Most Say Climate Change Policies Will Raise Gas Prices
How do Californians view the economic impact of the state’s efforts to address global warming? Half of likely voters (51%) say these actions will result in more jobs for state residents, while 19 percent say the result will be fewer jobs (21% no effect). However, a majority of likely voters (58%) say action to reduce global warming will increase gasoline prices (12% decrease gas prices, 19% no effect). Half of likely voters (51%) say they are willing to pay more for electricity if it is generated by renewable resources.
“Most Californians have factored in higher gas prices, and say they are willing to pay higher electricity prices,” Baldassare said. “They expect more jobs as the byproducts of the state’s efforts to reduce global warming.”
When likely voters are read a brief description of the state’s cap-and-trade policy, half (50%) say they favor the system, which allows companies that don’t emit their allotted share of greenhouse gases to sell their state-issued permits to other companies to use.
Water Seen as Most Important Environmental Issue
Drought and water supply are named most frequently when likely voters are asked about the most important environmental issue facing the state today (24%). The proportion of likely voters expressing this view has dropped sharply in the last two years (43% in July 2016). A large majority of likely voters say the supply of water is a big problem (60%) or at least somewhat of a problem (25%) in their part of California. Across regions, Orange/San Diego residents (55%) are the most likely to say the water supply is a big problem where they live, while San Francisco Bay Area residents (43%) are the least likely to say so.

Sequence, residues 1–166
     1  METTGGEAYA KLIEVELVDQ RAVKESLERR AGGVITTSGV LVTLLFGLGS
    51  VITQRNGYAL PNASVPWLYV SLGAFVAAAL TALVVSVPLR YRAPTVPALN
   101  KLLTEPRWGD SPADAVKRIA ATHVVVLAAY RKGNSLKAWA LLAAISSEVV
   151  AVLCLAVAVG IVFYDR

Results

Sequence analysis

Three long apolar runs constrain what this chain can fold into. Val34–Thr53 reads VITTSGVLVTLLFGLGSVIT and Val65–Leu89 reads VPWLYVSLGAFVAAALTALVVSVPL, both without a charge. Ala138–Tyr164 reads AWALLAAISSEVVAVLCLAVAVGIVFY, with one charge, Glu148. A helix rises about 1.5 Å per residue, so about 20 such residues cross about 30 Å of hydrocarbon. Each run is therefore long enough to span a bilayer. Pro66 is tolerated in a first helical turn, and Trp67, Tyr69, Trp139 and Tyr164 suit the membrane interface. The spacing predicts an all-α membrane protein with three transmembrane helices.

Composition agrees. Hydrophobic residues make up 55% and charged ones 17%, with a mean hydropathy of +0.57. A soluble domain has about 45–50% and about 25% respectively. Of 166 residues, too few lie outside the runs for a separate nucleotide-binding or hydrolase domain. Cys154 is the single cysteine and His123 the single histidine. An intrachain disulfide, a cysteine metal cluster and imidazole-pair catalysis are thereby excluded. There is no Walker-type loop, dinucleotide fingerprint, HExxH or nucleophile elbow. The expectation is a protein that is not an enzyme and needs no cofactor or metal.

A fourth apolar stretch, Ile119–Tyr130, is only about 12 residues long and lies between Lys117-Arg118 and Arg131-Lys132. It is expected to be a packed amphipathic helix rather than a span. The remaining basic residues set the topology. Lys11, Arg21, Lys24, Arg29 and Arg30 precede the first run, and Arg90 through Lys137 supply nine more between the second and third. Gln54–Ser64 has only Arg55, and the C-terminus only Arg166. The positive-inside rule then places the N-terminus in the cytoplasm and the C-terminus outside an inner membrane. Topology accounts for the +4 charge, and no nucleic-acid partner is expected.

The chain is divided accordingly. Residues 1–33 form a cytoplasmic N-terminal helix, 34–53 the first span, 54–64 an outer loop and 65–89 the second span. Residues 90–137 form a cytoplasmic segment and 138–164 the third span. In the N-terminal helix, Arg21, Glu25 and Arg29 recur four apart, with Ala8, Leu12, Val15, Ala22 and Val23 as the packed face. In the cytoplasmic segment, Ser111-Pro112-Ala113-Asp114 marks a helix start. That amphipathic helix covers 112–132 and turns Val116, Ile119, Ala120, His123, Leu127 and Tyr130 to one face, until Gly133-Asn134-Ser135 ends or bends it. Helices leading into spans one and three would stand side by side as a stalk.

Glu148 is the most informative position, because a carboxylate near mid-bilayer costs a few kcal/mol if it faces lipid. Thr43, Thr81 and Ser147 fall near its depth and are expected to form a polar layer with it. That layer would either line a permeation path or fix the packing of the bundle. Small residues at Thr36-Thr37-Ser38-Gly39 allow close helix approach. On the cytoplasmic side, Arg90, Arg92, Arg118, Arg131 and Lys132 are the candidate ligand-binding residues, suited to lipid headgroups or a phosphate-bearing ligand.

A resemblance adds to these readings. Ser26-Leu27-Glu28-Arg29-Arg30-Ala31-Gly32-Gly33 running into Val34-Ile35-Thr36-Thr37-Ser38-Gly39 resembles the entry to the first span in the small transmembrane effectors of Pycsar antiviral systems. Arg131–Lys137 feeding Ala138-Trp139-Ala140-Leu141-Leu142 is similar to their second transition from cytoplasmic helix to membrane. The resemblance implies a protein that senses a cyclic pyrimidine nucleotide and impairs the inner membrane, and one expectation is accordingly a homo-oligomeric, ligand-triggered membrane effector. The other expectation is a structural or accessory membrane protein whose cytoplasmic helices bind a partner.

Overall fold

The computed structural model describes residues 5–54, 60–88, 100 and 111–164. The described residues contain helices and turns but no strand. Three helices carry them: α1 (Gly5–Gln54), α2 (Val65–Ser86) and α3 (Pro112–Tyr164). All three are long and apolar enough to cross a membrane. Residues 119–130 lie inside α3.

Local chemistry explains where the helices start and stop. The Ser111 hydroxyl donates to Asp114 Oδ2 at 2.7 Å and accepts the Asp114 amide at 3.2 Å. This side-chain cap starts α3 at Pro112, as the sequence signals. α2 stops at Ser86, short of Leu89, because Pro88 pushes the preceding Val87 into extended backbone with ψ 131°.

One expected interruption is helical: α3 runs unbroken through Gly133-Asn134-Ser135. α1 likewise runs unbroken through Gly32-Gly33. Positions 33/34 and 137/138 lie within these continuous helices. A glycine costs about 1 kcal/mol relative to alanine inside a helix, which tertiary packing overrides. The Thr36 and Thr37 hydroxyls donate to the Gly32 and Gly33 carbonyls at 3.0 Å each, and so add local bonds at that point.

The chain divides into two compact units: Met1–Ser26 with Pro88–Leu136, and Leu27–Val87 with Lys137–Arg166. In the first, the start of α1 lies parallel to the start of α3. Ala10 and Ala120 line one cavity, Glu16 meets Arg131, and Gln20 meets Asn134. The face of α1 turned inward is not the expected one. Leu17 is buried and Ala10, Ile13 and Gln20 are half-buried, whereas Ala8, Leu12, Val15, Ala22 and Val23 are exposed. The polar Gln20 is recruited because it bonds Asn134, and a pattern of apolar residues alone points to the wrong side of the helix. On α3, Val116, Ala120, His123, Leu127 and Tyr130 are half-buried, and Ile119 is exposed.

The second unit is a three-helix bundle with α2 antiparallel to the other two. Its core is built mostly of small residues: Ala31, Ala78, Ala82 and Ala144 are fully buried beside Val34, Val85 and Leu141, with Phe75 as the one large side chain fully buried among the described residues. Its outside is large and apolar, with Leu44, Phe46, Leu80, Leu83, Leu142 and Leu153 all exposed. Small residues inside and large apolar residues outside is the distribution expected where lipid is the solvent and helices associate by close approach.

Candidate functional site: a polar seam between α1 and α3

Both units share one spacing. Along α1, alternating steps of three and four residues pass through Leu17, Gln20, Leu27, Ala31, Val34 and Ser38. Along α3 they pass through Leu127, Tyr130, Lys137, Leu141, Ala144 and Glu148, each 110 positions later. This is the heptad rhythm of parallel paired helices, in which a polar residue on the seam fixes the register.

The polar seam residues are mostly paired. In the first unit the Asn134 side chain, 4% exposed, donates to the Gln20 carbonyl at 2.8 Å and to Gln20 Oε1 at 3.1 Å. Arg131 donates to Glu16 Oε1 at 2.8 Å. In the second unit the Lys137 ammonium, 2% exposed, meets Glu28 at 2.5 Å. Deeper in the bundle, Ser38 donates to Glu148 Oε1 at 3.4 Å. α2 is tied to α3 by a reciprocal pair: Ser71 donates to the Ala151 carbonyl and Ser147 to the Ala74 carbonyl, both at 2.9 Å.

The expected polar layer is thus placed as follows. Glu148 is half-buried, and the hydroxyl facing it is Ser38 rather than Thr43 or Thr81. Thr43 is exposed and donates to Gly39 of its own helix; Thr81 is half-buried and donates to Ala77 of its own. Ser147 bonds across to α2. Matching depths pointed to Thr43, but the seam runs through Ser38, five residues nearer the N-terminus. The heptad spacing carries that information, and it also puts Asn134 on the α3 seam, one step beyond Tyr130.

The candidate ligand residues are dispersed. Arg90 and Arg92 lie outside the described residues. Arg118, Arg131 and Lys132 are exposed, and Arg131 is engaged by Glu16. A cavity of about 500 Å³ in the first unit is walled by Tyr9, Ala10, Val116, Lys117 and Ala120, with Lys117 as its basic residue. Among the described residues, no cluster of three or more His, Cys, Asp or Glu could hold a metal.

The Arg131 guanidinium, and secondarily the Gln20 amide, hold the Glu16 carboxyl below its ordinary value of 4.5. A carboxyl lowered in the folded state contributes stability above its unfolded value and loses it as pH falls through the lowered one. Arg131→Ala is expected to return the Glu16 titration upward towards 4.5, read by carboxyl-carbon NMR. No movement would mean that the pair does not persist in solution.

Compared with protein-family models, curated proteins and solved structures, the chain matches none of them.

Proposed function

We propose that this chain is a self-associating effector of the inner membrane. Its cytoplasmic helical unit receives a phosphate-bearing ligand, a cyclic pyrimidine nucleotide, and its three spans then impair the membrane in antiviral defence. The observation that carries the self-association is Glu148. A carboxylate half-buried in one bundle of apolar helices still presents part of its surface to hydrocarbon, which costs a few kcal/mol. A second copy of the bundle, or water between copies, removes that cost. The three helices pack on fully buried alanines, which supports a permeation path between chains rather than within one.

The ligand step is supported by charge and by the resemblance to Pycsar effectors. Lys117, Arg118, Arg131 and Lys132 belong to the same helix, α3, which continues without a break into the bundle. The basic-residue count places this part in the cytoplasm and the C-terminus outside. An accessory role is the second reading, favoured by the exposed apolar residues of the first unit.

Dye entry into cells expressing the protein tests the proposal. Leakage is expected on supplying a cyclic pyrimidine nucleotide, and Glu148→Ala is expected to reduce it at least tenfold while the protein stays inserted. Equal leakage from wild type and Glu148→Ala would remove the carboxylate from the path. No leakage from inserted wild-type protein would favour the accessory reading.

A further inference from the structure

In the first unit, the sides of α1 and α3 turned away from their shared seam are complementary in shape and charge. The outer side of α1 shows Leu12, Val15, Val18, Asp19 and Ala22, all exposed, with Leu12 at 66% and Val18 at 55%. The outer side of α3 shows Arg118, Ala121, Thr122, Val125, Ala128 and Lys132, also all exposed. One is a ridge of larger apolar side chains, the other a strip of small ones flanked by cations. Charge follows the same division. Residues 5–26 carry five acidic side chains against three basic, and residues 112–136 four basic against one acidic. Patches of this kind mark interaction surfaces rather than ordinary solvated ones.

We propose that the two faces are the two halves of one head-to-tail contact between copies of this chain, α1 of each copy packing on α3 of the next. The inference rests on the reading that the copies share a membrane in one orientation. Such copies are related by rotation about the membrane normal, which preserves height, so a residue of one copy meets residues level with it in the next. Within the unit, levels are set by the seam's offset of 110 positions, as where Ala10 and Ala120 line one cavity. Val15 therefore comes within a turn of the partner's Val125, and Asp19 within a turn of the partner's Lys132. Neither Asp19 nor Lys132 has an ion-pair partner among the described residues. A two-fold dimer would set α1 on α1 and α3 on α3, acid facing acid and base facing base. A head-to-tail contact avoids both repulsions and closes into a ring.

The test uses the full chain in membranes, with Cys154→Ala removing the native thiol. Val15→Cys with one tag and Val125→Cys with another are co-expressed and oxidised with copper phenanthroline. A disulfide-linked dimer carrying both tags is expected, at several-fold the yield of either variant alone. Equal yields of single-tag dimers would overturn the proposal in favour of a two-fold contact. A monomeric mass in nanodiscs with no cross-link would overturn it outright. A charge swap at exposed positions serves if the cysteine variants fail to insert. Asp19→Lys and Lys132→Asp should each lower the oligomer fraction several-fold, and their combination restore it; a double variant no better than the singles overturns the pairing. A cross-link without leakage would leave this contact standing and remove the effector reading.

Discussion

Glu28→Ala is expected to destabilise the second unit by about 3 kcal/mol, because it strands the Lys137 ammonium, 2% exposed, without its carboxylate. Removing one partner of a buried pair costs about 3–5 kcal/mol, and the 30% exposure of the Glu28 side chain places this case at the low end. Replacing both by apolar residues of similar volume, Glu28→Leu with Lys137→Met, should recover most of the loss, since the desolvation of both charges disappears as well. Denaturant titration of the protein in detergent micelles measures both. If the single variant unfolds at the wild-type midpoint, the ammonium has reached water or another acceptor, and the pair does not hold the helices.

In November, Californians will vote on an $8.9 billion bond measure, Proposition 3, to fund water infrastructure projects. A majority of likely voters (58%) plan to vote yes and a quarter (25%) no (17% undecided).
“The drought and water shortages are still on Californians’ minds,” Baldassare said. “They seem willing to support a water bond on the November ballot after passing a multibillion-dollar water bond measure in June.”
The second most frequently named issue among likely voters is air pollution (15%). Two-thirds say air pollution is a problem in their part of the state (29% big problem, 37% somewhat of a problem). Residents in Los Angeles (40%) are the most likely to say it is a big problem and those in Orange/San Diego are the least likely (17%). About half of likely voters (53%) say air pollution is a more serious health threat in lower-income areas than elsewhere in their part of the state.
Majority Oppose More Coastal Drilling
Earlier this year, the federal government announced plans to allow new offshore oil drilling in areas along the nation’s coasts. Today, two-thirds of likely voters (67%) oppose more oil drilling off the California coast. Among all adults, majorities of both coastal (71%) and inland (59%) residents oppose more drilling. Across parties, an overwhelming majority of registered Democrats (82%) and a strong majority of independents (66%) are opposed, while a majority of Republicans (54%) are in favor.